d_labes Hero Berlin, Germany, 20160721 14:42 @ Helmut Posting: # 16510 Views: 3,809 

Dear Helmut, » ... Hence, testing both is nuts. Totally correct IMHO. That'also my opinion. My concern was [nitpicking] "Any comparison will give identical variance, CI, etc." [/nitpicking]. But I must confess that I couldn't convince all sponsors I worked with of this opinion. Especially one from UpperBavaria was resistant. — Regards, Detlew 
Helmut Hero Vienna, Austria, 20160721 14:54 @ d_labes Posting: # 16511 Views: 3,802 

Dear Detlew, » But I must confess that I couldn't convince all sponsors I worked with of this opinion. Especially one from UpperBavaria was resistant. Haha! They once forced me to test AUC_{0–τ} and C_{average}… „Doppelt genäht hält besser” — Regards, Helmut Schütz The quality of responses received is directly proportional to the quality of the question asked. ☼ Science Quotes 
yjlee168 Senior Kaohsiung, Taiwan, 20160720 21:10 @ mahmoudteaima Posting: # 16505 Views: 3,940 

Dear Mahmoud, No Kruskal Wallis analysis for tmax with bear at this moment. Sorry about that. Probably you can do it manually or using other statistical package for now. » ...these are non official requirements issued by the some members of the Bioequivalence committee at the central administration of pharmaceutical affairs (CAPA) at the ministry of health and population in egypt. I see. sound interesting. » If not, can these be considered in the coming updates of bear!!!!. I will consider your suggestion. BTW, thanks for letting me know that bear works well on the new MacOS. — All the best, Yungjin Lee bear v2.8.3: created by Hsinya Lee & Yungjin Lee Kaohsiung, Taiwan http://pkpd.kmu.edu.tw/bear Download link (updated) > here 
mahmoudteaima Regular 20160720 22:40 @ yjlee168 Posting: # 16506 Views: 3,906 

thanks Yungjin Lee for your reply, here is the results of kruskal wallis test of tmax data performed in R 3.3.1 on macos 10.11.6 Elcaptin. KruskalWallis rank sum test of tmax ref = c(1, 0.5, 2, 0.75, 1, 1.5, 2, 2, 1, 1.5, 0.75, 1.5, 0.75, 0.75, 1, 1, 0.75, 1.5, 1, 3, 0.75, 0.75, 1, 0.75) so no significant difference in tmax values between reference and test products. thanks for your advise in that. waiting your advise on how to make the remaining statistical analysis of lambdaz and t1/2?!!!!!. Greetings. — Mahmoud Teaima, PhD.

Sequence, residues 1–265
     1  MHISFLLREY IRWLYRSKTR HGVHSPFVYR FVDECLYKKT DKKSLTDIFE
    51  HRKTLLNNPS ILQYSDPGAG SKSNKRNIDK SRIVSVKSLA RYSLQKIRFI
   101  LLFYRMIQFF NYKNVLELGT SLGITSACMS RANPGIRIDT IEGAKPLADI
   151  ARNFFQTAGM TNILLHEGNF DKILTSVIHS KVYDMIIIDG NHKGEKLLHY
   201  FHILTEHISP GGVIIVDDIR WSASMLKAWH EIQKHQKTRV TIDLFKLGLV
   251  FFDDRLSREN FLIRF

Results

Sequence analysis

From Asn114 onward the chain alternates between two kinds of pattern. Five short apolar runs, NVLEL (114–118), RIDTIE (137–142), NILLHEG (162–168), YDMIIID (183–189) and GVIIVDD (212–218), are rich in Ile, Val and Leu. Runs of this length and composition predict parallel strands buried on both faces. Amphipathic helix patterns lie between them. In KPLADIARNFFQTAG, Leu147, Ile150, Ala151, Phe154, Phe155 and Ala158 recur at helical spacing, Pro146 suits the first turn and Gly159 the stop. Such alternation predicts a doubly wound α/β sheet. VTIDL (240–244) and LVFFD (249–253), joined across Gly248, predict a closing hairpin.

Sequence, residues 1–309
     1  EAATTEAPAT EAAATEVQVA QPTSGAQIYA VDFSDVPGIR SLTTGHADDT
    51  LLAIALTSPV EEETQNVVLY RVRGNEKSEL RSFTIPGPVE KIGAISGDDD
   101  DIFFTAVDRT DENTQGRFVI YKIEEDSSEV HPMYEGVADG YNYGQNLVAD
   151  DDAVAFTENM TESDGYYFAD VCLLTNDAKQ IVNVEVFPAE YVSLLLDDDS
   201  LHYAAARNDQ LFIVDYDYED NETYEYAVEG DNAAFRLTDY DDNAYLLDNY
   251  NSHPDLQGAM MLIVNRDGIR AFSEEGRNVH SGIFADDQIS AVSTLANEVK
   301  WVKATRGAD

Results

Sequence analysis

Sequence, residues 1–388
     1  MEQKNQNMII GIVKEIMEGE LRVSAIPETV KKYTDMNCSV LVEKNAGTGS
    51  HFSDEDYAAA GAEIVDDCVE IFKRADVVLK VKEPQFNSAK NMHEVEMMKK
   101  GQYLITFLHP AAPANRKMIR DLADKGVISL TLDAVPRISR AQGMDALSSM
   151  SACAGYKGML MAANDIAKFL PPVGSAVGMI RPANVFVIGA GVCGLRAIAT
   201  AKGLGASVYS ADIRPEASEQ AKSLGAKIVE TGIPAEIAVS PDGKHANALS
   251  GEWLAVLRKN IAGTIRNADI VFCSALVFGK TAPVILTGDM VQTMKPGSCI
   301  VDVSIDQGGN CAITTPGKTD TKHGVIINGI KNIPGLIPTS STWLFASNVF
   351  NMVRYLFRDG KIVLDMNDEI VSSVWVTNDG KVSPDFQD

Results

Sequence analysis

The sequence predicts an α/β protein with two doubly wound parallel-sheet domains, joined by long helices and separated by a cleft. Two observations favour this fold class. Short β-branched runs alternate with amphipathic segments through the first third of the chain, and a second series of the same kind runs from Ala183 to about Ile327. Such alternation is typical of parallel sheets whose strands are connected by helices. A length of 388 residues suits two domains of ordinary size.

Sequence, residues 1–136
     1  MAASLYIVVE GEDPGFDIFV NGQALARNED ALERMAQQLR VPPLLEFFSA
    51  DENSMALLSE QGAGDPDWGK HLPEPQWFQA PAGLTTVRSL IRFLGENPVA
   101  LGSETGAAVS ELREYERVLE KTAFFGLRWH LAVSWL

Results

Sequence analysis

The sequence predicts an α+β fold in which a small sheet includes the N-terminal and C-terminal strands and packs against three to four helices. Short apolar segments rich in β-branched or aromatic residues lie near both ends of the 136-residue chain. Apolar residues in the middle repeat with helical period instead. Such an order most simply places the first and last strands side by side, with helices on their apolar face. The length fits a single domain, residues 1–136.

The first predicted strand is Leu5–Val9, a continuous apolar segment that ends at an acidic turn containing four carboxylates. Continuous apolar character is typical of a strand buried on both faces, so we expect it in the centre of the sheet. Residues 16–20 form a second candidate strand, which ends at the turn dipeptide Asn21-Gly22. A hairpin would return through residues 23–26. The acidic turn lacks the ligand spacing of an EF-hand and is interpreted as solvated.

yjlee168 Senior Kaohsiung, Taiwan, 20160721 11:11 (edited by yjlee168 on 20160721 11:44) @ mahmoudteaima Posting: # 16509 Views: 3,895 

Dear Mahmoud, » ... » KruskalWallis rank sum test of tmax ... » KruskalWallis chisquared = 0.0054846, df = 1, » pvalue = 0.941 Great. much better than SPSS, right? » waiting your advise on how to make the remaining statistical analysis of lambdaz and t1/2? I guess the descriptive statistics for λz and t_{1/2} should be good enough based on Egypt's BE GL, as mentioned previously by Helmut. I am not sure if the challenge was due to that you inappropriately submitted ANOVA for λz and t_{1/2} to the regulatory before. If so, you may consider to remove ANOVA stuffs and just present descriptive statistics for λz and t_{1/2}. — All the best, Yungjin Lee bear v2.8.3: created by Hsinya Lee & Yungjin Lee Kaohsiung, Taiwan http://pkpd.kmu.edu.tw/bear Download link (updated) > here 
mahmoudteaima Regular 20160727 12:13 @ yjlee168 Posting: # 16520 Views: 3,665 

This is the results of tmax for my BE project from both R3.3.3 and spss20 on macos 10.11.6 from spss: NPAR TESTS /KW=Tmax BY formulation(1 2) /STATISTICS DESCRIPTIVES /MISSING ANALYSIS. NPar Tests Syntax NPAR TESTS /KW=Tmax BY formulation(1 2) /STATISTICS DESCRIPTIVES /MISSING ANALYSIS. Descriptive Statistics N Mean Std. Deviation Minimum Maximum Tmax 48 1.1271 .50010 .50 3.00 treatment 48 1.50 .505 1 2 KruskalWallis Test Ranks treatment N Mean Rank Tmax ref 24 24.35 test 24 24.65 Total 48 Test Statisticsa,b Tmax ChiSquare .005 df 1 Asymp. Sig. .941 a Kruskal Wallis Test b Grouping Variable: treatment From R: KruskalWallis rank sum test of tmax > ref = c(1, 0.5, 2, 0.75, 1, 1.5, 2, 2, 1, 1.5, 0.75, 1.5, 0.75, 0.75, 1, 1, 0.75, 1.5, 1, 3, 0.75, 0.75, 1, 0.75) > test = c(1, 0.5, 2, 0.8, 0.8, 1.5, 1, 1.5, 1, 2, 0.5, 1.5, 0.8, 1, 1, 0.8, 1, 1, 1, 1.5, 0.8, 0.8, 1, 0.8) > dati = list(g1=ref, g2=test) > kruskal.test(dati) KruskalWallis rank sum test data: dati KruskalWallis chisquared = 0.0054846, df = 1, pvalue = 0.941 Can anyone see a difference? — Mahmoud Teaima, PhD.